Thursday, October 31, 2013

Farm Visit in Punakha and the Beautiful Host

I am currently in Lobesa with a group of guests from School of Wellbeing Studies and Research from Thailand. Their main interest is organic farming and they take Bhutan as an example where organic farming is widely practiced and believes that Bhutan’s aim of making the country a 100% organic country is possible. So in this connection, we visited a farm in Kabisa, a village on the way to Gasa. Our host and interviewee was a 74-year-old man named Kencho Tshering.

He practices integrated farming where he grows different types of fruits and vegetables. He also has three cattle. Though integrated farming is common in Bhutan and it is what we have been practicing traditionally, for people from other countries, it is something strikingly interesting. From my interaction, I learned that organic farming is a farming with knowledge and when they see integrated farming in our farms, they see that our farmers have already been practicing a kind of technique that is encouraged in organic farming. Anyway, my purpose for this blog post is not about organic farming but the experience of the short visit to the farm.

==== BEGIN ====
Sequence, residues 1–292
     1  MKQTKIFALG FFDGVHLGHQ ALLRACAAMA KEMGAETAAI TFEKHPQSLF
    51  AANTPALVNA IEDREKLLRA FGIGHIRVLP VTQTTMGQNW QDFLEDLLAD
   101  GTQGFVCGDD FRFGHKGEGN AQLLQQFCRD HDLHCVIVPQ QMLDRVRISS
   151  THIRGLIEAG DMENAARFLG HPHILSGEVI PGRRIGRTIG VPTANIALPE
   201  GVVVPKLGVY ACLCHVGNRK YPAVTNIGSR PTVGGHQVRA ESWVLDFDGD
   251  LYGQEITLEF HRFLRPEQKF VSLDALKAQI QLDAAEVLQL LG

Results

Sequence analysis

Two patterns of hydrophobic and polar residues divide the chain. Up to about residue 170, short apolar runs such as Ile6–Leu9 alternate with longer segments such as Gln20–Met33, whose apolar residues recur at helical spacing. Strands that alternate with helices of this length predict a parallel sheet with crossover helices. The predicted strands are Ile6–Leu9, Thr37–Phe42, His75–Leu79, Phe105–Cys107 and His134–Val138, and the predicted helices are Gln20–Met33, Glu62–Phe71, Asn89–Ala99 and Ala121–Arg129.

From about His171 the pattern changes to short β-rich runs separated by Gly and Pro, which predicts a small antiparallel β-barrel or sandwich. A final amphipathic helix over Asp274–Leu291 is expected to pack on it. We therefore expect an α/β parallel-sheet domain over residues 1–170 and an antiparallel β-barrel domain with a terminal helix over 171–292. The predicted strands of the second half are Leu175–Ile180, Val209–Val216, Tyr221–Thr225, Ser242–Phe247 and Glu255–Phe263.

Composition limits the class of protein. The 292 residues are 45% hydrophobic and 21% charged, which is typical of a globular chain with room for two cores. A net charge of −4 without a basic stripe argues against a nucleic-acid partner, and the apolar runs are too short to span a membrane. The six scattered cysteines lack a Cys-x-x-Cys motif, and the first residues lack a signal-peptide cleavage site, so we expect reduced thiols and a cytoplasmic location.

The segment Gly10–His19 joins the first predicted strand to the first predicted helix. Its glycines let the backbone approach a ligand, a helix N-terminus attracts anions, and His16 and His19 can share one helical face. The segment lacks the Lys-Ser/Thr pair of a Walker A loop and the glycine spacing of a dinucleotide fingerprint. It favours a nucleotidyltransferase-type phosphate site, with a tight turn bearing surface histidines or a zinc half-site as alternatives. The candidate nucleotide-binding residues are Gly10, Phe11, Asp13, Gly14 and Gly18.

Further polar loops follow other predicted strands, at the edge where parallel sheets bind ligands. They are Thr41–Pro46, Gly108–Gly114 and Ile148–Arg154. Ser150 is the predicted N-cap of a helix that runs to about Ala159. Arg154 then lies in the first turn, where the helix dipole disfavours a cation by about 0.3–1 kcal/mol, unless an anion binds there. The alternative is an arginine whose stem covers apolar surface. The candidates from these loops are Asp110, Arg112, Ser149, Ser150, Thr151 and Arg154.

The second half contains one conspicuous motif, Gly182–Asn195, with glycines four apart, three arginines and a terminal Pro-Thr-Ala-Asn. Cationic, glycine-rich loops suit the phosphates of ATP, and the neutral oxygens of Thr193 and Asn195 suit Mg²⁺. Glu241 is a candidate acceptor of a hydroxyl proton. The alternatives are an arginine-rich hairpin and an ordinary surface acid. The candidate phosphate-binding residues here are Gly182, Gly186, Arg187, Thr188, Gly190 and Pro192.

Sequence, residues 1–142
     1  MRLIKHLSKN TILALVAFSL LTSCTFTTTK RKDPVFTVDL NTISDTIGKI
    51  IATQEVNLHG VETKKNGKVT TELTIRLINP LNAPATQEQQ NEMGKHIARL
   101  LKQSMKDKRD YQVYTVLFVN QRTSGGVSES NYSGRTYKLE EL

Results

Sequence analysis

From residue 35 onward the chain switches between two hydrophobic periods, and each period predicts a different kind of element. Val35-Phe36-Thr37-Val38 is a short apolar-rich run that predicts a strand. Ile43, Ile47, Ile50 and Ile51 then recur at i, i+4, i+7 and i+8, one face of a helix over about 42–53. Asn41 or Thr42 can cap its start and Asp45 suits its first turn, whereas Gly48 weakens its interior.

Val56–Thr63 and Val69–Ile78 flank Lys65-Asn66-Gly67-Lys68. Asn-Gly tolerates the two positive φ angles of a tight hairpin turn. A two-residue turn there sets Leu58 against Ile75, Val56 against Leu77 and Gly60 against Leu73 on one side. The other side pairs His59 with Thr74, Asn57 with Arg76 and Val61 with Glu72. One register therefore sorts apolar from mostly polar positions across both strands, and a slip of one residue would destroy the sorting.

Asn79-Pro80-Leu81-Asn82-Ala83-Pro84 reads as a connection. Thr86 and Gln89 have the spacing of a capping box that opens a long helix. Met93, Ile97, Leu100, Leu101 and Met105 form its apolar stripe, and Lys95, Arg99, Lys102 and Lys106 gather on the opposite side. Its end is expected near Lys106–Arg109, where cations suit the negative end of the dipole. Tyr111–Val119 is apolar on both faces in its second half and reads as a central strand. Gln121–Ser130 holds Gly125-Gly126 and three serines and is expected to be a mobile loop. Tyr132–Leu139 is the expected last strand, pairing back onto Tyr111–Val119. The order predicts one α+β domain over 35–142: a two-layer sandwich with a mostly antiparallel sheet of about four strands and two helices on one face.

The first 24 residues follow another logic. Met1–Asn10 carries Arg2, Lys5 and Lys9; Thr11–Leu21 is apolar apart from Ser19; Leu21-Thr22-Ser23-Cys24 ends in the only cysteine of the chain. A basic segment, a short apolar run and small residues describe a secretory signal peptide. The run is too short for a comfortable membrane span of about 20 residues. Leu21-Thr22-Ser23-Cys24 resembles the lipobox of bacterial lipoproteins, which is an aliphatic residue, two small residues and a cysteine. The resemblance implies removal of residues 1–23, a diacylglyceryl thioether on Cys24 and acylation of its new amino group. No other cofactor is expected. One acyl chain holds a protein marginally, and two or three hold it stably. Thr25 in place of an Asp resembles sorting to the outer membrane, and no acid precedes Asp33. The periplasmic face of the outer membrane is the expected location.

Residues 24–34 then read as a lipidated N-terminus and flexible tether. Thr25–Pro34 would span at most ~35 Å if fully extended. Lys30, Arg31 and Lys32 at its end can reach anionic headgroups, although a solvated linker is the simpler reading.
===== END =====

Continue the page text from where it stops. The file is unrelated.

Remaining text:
A very pretty young woman received us. In fact, on the first glance you won’t believe that she is 28 and a mother of a six years old son. I instantly started my conversation with her because I wanted to know why she dropped school. And when I learned that the child who was with her is her son, I felt compelled to ask her age because she looked very young. She is Ap Kencho’s daughter. He has four daughters, and they all dropped school after class 10. She said that in the beginning, she regretted having left school, but she is okay now. Her husband was her classmate in high school and he is currently pursuing bachelors in medicine in Chiangmai, Thailand. She had to leave school because her father divided the lands among the four siblings and they were told that it was up to them whether they wanted to leave them fallow, or tend to them and make a living from it. And whether out of choice or compulsion, all of them dropped school and stayed home, farming.